Putting teeth in Baltimore's affordable housing law

A bid to keep Baltimore City's affordable housing law on the books after 2012 passed a major hurdle last week when a key City Council committee voted to extend the measure indefinitely. Now it's up to the full council to ratify the committee's decision when it takes up the matter at its regular meeting tonight. Lawmakers should make this law permanent and then work to strengthen its powers.

The affordable housing law has been on the books since 2007. It requires developers to set aside a certain percentage of residential units for low-income families in large projects that receive public subsidies. The idea is to prevent the growth of concentrated pockets of poverty in the city by allowing low-income families to move into neighborhoods of opportunity that offer better access to good schools, parks, grocery stores and other amenities.

Despite its good intentions, however, no one claims the law has worked as well as intended. The problems started before it was even passed, when developers loaded the bill with a raft of crippling amendments and loopholes big enough to drive a construction crane through. Those provisions, of almost diabolical complexity, effectively gutted the city's enforcement powers by prohibiting the law from kicking in unless a developer wanted it to. Not surprisingly, few did. It's no wonder only a handful of affordable housing units have actually been built in the four years since the ordinance was passed.

Moreover, opponents of the measure saddled it with a sunset provision that would have caused it to expire automatically next year. Coming just as the housing market was beginning to collapse, that sent a terrible signal about the city's long-term commitment to new affordable housing. Developers could sit on their hands until the market rebounded, then reap the profits from as many publicly subsidized high-end condos and rental units as they wished, without any obligation to low- and moderate-income families.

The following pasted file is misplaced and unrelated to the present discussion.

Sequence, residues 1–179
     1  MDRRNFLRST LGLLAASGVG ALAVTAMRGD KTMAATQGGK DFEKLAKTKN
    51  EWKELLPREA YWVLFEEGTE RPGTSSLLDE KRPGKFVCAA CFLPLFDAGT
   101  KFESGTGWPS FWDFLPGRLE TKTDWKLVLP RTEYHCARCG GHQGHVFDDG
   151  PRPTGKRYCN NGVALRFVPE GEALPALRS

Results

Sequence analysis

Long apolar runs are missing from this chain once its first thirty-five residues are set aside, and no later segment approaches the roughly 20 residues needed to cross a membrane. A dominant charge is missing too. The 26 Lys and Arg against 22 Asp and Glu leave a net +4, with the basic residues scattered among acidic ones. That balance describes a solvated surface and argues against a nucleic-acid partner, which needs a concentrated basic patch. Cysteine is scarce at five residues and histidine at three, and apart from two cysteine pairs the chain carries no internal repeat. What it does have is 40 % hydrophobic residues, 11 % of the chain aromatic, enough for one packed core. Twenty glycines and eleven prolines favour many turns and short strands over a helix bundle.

Now that the City Council's transportation and land use committee has voted to drop the law's sunset provision, Mayor Stephanie Rawlings-Blake and the city's planning and housing department are urging council members to extend the affordable housing law, but only until 2020. They argue more time is needed to study the measure's effectiveness and to give the battered housing market a chance to recover. We hope the council rejects this advice and sides with Council President Bernard C. "Jack" Young, who is pushing for a permanent extension.

As it is, the city has been dragging its feet about setting up an inclusive housing board to monitor compliance with the ordinance, as required by the law. Nor has the housing department completed any of the reports it was supposed to submit to the board, or finished drafting the regulations needed to put the law into effect. Where's the guarantee that if the measure is only temporarily extended, the city won't resort to the same kind of stalling tactics for the next eight years? And if the law turns out to be bad, the council can always vote to repeal it.

The truth is, there never was a need for a sunset provision on the original legislation — most city laws don't have them — and there certainly isn't now. The only advantage of such riders is that they force supporters of the measure to spend their time defending the law rather than improving it. The council should reject such political games by voting to make the law permanent, then working to make it more effective than it has been in the past.

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